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Kenya’s Parliament Backs Haiti Mission Despite Court Case

Kenya’s parliament has approved a controversial plan by the government to deploy about 1,000 police officers to Haiti to help stop gang violence.

This is despite a court order barring any deployment, pending the outcome of a legal challenge into the plan.

Opposition lawmakers condemned the vote, but the ruling party used its majority to back the government following a fiery debate.

Haiti had appealed for international help to tackle growing lawlessness.

Kenya’s offer won the UN Security Council’s approval last month, but the plan has been opposed by the main opposition party.

About 300 gangs are active across Haiti and 80% of the capital, Port-au-Prince, is under gang control.

These groups have taken increasing control of the city since the assassination of the country’s president in 2021 threw Haiti into a political crisis.

At Thursday’s vote in Kenya’s parliament, lawmakers supporting the motion said the country was part of the global community and could not ignore the appeals for help from other countries.

They also argued that the East African nation has a history of peacekeeping missions such as in Somalia, the Democratic Republic of Congo and Sierra Leone.

Parliament approved the plan in a voice vote moments before the High Court was due to begin hearing the case on the planned deployment.

A small opposition party, Thirdway Alliance, has led the legal challenge, saying the plan was unconstitutional because only the military could be deployed abroad.

The government has rejected the argument, and is defending the case.

The court later reiterated that the deployment could not take place until it gave its ruling in January.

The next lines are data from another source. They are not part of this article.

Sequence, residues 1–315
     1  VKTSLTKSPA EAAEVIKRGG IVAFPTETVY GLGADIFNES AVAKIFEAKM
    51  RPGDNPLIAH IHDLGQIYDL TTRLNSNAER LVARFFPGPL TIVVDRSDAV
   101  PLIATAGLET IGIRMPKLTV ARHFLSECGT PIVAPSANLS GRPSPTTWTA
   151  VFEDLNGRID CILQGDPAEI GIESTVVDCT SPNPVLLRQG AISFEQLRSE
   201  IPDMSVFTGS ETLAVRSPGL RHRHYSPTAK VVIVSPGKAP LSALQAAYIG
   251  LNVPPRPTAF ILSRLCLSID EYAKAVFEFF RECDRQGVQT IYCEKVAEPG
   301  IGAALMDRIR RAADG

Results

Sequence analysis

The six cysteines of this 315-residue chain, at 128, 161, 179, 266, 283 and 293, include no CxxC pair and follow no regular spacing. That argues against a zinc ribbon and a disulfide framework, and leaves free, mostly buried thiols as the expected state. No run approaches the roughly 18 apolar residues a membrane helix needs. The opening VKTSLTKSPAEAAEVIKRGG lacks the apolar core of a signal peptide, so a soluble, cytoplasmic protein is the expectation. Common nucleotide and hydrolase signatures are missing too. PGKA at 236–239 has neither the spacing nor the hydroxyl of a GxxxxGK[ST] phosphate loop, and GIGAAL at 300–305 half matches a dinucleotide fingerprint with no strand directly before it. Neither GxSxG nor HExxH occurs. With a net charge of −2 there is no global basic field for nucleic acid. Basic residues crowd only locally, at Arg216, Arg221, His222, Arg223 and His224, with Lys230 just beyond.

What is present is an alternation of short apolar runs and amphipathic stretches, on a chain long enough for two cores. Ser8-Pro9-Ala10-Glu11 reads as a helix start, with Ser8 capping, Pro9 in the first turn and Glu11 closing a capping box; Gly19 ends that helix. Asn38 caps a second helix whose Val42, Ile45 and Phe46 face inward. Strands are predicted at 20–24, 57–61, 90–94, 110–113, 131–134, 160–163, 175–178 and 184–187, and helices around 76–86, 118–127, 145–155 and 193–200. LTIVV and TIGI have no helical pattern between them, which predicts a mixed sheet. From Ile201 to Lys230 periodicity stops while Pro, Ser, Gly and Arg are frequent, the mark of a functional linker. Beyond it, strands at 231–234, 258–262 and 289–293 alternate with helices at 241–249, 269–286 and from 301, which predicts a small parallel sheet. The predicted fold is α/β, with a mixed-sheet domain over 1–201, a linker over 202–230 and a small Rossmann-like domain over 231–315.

Thirdway Alliance’s legal representative, Charles Midega, told the BBC that it was a “brazen” act by parliament to discuss the deployment despite the court order.

In parliament, opposition lawmakers argued that a vote could not be held on a matter before the courts.

But governing party lawmakers said there were no rules barring parliament from debating the issue, for as long as it did go into the substance of the case.

Kenya’s main opposition leader, Raila Odinga, has previously condemned the proposed deployment.

“Before you even come to Africa, Haiti is at the doorstep of the United States which is the most powerful nation in the world. What is it that is so unique about Kenya that it is being chosen to lead the multinational force in Haiti?” he told local TV last month.

But Kenya’s President William Ruto has defended the plan, saying that “Africa is keen to contribute to the freedom and security of Haiti”.

The US has pledged to support the mission financially to the tune of $100m (£82m) – Canada has also offered funding.

On a visit to Kenya in September, US Defense Secretary Lloyd Austin signed a five-year security agreement and also said the US was “grateful to Kenya for its leadership in tackling security challenges in the region and around the world”.

Some Kenyans say Mr Ruto and his government should prioritise addressing security challenges at home.

Rights groups, including Amnesty International, have in recent months expressed concerns over the Kenyan police’s record of using excessive and unnecessary force.

There has also been notable criticism of the planned deployment from the man seen as the father of Kenyan literature – Ngũgĩ wa Thiong’o – who last month said tearfully: “If you know the history of Haiti, any black person would not do that.”

Haiti became the world’s first black-led republic in 1804, after Gen Toussaint Louverture led enslaved people in an uprising.

This incensed its colonial master France, which derived a large chunk of its income from Haiti’s plantations, and it responded by forcing Haiti to pay inflated reparations to enslavers over 122 years..

The US occupied Haiti from 1915 to 1934, sending in marines and military administrators.

Further US military interventions occurred in 1994 and 2004, to “defend democracy” and restore order.

Source : BBC